The Montagues and the Capulets are two feuding families, whose teenage children Romeo (Leonardo DiCaprio) and Juliet (Claire Danes) meet and fall in love. They have to hide their love from the world because they know that their parents will not allow them to be together. However, there are several obstacles, such as Juliet's cousin Tybalt (John Leguizamo) and many street brawls between the Montagues and the Capulets. Although set in modern times, it remains the same timeless story of star-crossed lovers.
In ninth-grade English class, I had to read William Shakespeare's classic romantic tragedy Romeo & Juliet, and I found it to be a very compelling story. The tale of star-crossed lovers was what introduced me to the works of William Shakespeare. One day, I decided to revisit director Baz Luhrmann’s hipper, modern-day film adaptation of the play. Originally, I never cared for this version, but upon second viewing, I now really like this take on the story.
First of all, I have to commend the performances. Leonardo DiCaprio (one of my favorite actors of all time) and Claire Danes (one of the most lovely and talented actresses working today) are both great as the titular Romeo and Juliet, and the two share great chemistry with one another. John Leguizamo also does a good job as Juliet's cousin Tybalt, as do Harold Perrineau as Romeo's best friend Mercutio and Pete Postlethwaite as Father Lawrence (Friar Lawrence). Even Vondie Curtis-Hall delivers a really good performance as Captain Prince (Prince Escalus). The other actors also do fine with the material given.
I know I'm in a minority on this one, but I'm a big fan of Baz Luhrmann's snappy directing style, particularly his sense of editing and cinematography. Jill Bilcock's stylish, fast-paced editing actually adds to the film rather than take away from it. Normally, I would complain about quick-cut editing, but Bilcock and Luhrmann use this style of editing to their advantage. They practically have it down to a science, much like Paul Greengrass with shaky-cam and Zack Snyder with slow-motion.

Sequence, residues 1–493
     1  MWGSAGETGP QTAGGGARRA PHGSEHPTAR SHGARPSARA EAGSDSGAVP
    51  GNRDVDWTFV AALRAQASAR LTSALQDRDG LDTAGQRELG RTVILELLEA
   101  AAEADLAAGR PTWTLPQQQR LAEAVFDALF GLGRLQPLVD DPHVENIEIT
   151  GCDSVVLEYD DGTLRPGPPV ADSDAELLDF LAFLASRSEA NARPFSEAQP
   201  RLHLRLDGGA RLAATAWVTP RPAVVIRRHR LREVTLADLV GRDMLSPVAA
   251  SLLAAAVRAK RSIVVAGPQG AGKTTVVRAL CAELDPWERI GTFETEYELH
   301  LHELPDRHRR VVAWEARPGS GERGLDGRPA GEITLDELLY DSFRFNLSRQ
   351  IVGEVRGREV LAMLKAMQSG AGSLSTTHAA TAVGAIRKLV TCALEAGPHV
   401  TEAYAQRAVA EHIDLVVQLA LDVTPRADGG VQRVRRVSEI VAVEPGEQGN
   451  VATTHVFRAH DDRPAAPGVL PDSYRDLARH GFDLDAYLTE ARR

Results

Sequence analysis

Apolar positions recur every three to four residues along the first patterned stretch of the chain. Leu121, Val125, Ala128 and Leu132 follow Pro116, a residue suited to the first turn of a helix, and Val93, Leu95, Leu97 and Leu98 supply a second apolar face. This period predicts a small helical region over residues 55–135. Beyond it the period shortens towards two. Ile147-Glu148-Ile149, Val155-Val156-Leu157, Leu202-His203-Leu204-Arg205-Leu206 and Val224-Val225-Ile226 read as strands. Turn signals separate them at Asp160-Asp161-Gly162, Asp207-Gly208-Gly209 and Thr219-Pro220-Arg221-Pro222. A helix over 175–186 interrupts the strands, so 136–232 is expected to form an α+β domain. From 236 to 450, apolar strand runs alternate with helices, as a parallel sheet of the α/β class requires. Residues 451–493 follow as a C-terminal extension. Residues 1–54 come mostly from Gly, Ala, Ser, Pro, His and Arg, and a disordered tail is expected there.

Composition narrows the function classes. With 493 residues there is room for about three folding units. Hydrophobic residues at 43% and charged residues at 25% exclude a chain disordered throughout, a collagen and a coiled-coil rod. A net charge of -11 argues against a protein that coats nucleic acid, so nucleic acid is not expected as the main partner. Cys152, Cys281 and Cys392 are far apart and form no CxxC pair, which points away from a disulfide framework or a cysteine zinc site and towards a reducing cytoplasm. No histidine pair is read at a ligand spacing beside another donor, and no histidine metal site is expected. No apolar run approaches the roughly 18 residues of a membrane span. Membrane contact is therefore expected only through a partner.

Donald M. McAlpine's cinematography is just gorgeous. This is a truly beautiful film to look at. The fights between the Montagues and the Capulets are very well-shot by McAlpine and Luhrmann, and the choreography is great. I also have to praise the production and costume designs by Catherine Martin (who also happens to be Luhrmann's wife) and Kym Barrett, respectively. The film's sets and costumes look fantastic (particularly the scene where the Capulets have a party and we see Romeo as a knight in shining armor and Juliet as an angel with wings).
Now onto the most controversial aspect of the film: the characters speaking Shakespeare's original dialogue. I feared that the Shakespearean dialogue would come across as forced, but much to my surprise, it all seemed rather coherent within the film's contemporary atmosphere. It was like the characters were speaking a different language. It's actually quite fresh and innovative on Baz Luhrmann and Craig Pearce's parts. If you disagree, that's fine. More power to you. Also, the soundtrack. I know many people don't care for it, but I personally found the soundtrack to be quite good.
Now, I do have some issues with the movie. First of all, the deaths of Romeo and Juliet. This part of the film actually wasn't bad, but I wish they stuck with what Shakespeare originally wrote. Don't get me wrong, I get what Luhrmann and Pearce were going for: having Juliet wake up from her coma barely able to move while Romeo realizes that she's really alive and that he's too late, having already drunk the poison. But I prefer Shakespeare's version where Juliet wakes up after Romeo dies. I found that to be a lot more powerful.
Another problem I have is with the characters nicknaming their guns "swords" and "daggers." This is just stupid. Granted, Luhrmann and Pearce do provide an explanation for this. Their guns are Sword Series guns, as you see when the camera zooms in on them. But why not just have the characters say "Hand me my gun" or "Hand me my weapon" or "Hand me my pistol" and not "Hand me my sword"? You changed Friar to Father and Prince Escalus to Captain Prince, so why not do this? This was the only thing about the film's mix of modern-day setting and Shakespearean dialogue that really bugged me.
Overall, Baz Luhrmann’s Romeo + Juliet isn't a flawless masterpiece, but it's not horrendous trash either. It's not without its issues, but I found this to be an entertaining, well-acted, well-shot contemporary take on the Shakespeare play. Have I seen better Shakespeare adaptations? Yes, I have. Kenneth Branagh's Hamlet and Joss Whedon's Much Ado About Nothing come to mind. But I still enjoy this film. I recommend it.